Enjoy a day out at Denby in the heart of Derbyshire. The visitor centre is next to the Pottery in a cobbled courtyard. The visitor centre is open daily with free centre entry and free parking. Go on a Tour, watch a free cookery demonstration, visit the new home store , browse around the other shops and visit the museum. Refreshments are served in Bourne's Restaurant and for small children there is an outdoor play area.

LONGSHAW ESTATE, Hathersage

The ancient oaks of Padley Gorge , gnarled and twisting out of the moss-grown gritstone rocks, hold many of the secrets of Longshaw within their grasp. For 8000 years people have lived in close association with these trees and the wildlife they support, farming, trading, hunting and quarrying.
Criss-crossed by old trackways and packhorse trails, the Longshaw Estate is a mix of wet pasture and meadow, heather moorland and semi-natural ancient woodland. Its proximity to Sheffield and its wealth of natural resources mean that it has been, over the centuries, a centre for charcoal burning, millstone quarrying and woodland management as well as an important trading route for salt, silk , wool, and lead among other things.
Today the trackways provide solace and refuge for city dwellers escaping the confines and pressures of city life. Just a 10 minute drive from city streets and high rise buildings people can experience the open spaces of the gritstone moors, clean air and sparkling streams and glimpses of wildlife in the heart of quiet woodland gorges.
Longshaw is a haven for woodland wildlife; unusual hairy wood ants build huge dome-shaped nests in the shadows of the woods, nationally important populations of pied flycatchers arrive each spring to rear their young in the ancient oak trees and rare mosses and ferns cling to the rocky waterfalls and springs.

SUDBURY HALL, Sudbury, Ashbourne

A late 17th-century house with interior woodcarvings by Grinling Gibbons, superb plasterwork, and painted murals and ceilings by Louis Laguerre. The Grand Staircase is one of the most elaborate of its kind in an English house. It featured in the film Pride and Prejudice.
Accessibility:
Parking - In main car park, 500yds. Transfer available. Drop-off point.

Building - 11 steps to entrance. 1 wheelchair. Ground floor has 2 steps. Many stairs to other floors. Seating available.

Photograph album - The temporary mini-Museum, housed in the Hall for 2007 only, has no wheelchair access, stairs only.

WCs - Adapted WC in stableyard.

Grounds - Partly accessible, grass and loose gravel paths, some steps. Level access to top terrace.

Shop - Level entrance. Shop small with limited turning space.

Refreshments - Level entrance. Accessible picnic tables.
Directions:
6m E of Uttoxeter at junction of A50 Derby-Stoke and A515 Ashbourne.

NATIONAL STONE CENTRE, Wirksworth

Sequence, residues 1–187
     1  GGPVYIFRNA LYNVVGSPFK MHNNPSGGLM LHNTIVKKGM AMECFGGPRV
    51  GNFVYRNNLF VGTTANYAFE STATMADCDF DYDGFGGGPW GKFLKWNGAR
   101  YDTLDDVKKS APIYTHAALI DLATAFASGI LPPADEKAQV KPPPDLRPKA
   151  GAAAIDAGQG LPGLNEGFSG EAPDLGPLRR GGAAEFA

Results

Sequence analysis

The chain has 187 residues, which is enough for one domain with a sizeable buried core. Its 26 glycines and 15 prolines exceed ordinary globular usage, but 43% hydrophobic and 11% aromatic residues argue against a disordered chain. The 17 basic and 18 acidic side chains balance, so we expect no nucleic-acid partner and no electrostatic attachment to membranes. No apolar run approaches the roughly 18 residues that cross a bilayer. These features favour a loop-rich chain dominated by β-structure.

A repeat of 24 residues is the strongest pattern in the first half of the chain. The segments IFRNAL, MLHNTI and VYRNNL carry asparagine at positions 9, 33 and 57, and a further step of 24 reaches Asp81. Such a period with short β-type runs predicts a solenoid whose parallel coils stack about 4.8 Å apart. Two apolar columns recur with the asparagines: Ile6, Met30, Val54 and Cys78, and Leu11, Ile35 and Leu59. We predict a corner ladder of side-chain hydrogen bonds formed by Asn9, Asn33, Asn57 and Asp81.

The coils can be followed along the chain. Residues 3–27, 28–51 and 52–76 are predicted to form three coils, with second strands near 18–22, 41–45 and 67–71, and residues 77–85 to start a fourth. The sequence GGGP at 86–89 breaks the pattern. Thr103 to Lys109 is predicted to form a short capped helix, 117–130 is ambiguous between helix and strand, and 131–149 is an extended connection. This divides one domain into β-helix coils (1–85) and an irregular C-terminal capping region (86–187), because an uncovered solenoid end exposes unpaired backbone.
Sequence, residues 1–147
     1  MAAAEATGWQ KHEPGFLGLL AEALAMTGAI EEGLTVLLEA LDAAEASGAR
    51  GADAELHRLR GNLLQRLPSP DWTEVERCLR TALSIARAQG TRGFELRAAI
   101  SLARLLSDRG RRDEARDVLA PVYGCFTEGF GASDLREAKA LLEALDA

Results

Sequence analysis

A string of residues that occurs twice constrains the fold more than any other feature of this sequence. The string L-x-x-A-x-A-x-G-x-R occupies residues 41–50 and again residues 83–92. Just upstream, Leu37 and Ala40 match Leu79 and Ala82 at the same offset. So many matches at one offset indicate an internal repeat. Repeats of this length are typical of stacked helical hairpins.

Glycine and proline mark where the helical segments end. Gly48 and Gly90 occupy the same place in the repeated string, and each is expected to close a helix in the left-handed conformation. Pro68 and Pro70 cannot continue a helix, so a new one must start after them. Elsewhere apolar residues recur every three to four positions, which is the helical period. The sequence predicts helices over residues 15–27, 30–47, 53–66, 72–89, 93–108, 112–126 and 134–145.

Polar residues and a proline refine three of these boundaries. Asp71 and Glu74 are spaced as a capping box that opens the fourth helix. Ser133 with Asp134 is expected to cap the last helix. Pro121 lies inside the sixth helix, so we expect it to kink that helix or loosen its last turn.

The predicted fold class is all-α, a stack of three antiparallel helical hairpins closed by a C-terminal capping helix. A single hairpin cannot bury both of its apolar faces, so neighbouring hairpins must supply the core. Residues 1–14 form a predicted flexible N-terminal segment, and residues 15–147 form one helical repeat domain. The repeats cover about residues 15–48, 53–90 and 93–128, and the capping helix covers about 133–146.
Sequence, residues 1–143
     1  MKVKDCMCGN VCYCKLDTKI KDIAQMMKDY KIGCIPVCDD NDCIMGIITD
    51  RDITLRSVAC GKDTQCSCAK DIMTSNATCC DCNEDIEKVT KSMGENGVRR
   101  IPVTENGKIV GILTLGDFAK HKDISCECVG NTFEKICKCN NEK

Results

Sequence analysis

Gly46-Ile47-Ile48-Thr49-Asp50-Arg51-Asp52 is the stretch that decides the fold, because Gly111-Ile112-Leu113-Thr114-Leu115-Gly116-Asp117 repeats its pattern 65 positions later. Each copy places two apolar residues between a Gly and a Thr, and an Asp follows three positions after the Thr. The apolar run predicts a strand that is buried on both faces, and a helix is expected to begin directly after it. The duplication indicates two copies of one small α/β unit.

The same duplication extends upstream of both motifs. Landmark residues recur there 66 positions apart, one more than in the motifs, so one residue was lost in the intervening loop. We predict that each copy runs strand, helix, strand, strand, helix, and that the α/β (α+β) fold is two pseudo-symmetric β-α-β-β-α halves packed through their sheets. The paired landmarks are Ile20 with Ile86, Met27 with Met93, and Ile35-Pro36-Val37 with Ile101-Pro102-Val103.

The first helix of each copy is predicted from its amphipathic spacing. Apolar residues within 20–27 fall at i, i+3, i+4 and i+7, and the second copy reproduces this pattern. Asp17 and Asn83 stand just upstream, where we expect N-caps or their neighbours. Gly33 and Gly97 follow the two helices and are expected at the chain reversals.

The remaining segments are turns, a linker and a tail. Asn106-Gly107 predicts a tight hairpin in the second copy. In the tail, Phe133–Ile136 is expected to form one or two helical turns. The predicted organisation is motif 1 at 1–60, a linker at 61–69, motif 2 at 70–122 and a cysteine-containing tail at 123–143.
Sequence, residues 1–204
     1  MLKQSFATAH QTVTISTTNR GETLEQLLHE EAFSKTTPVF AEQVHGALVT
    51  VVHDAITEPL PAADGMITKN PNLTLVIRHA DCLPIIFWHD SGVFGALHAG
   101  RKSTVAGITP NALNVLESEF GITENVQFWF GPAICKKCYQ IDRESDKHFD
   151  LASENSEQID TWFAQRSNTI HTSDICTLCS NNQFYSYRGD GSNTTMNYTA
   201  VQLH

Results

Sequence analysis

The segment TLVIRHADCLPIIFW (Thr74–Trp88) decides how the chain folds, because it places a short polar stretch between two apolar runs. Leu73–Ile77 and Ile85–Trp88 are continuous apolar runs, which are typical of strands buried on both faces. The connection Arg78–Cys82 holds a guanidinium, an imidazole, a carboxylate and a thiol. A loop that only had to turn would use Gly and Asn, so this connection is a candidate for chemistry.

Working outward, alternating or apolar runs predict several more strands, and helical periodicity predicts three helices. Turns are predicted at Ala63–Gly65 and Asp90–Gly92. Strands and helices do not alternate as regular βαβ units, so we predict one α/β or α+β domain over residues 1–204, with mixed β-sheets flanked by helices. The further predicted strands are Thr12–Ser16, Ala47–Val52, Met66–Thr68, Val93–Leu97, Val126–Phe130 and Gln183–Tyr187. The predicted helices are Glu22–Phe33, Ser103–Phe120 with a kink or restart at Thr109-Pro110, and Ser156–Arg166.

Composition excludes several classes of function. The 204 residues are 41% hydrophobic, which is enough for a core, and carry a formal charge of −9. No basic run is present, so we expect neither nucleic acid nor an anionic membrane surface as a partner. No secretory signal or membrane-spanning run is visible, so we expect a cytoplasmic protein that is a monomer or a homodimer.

Telling the Story of Stone - history, science, technology, art, environment - in the heart of the Derbyshire Dales on the edge of the Peak District. A dramatic site steeped in industrial history, ecology, displaying 330 million year old fossil tropical reefs.

Directions:
B5035 (Cromford-Carsington road south of Matlock)

BAKEWELL

Bakewell is a highly picturesque market town that crosses the River Wye and lies right in the heart of the Peak District National Park. Bakewell dates back to Saxon times and of course is home to the famous Bakewell pudding.
Bakewell earns a mention in the Domesday Book, calling the town ‘Badequella’, meaning Bath-Well, referring to the warm springs of the area. In 924, under the rule of Edward the Elder, the Saxons ordered a fortified borough to be built . The church originates from 920 and stands high on the hillside where the town originally started. It has both Norman and Saxon stonework but belongs more to its 13th century rebuild as well as the extensive renovation undergone in the 1840’s. The church holds many monuments including those to the Vernon family, who owned the town of Bakewell from 1502 before passing it on to the Manners family in 1567. Other notable places to visit include the Old House Museum, the Old Town Hall and the Rutland Arms Hotel, where Jane Austen is said to have stayed around 1811, and which she mentioned in her novel, Pride and Prejudice. There is a wide variety of shops, pubs, restaurants and places to stay in and around the town and plenty of places that you can buy the famous Bakewell pudding.

ASHBOURNE

A pleasant market town that lies towards the southern end of the Peak District and is the gateway to Dovedale and the Izaak Walton country.
Famous for the annual Shrovetide football game held on Shrove Tuesday and Ash Wednesday, attracts big crowds every year. Ashbourne has the church of St. Oswald, decribed by George Elliot as 'the finest mere parish church in the Kingdom'. It is a magnificant cruciform building with a 212 foot-high spire. The church contains the tomb of Robert de Kinveton (d.1741) and displays fine examples of stained glass windows and monuments.

FROGGAT AND BASLOW EDGE,
Near Bakewell andHathersage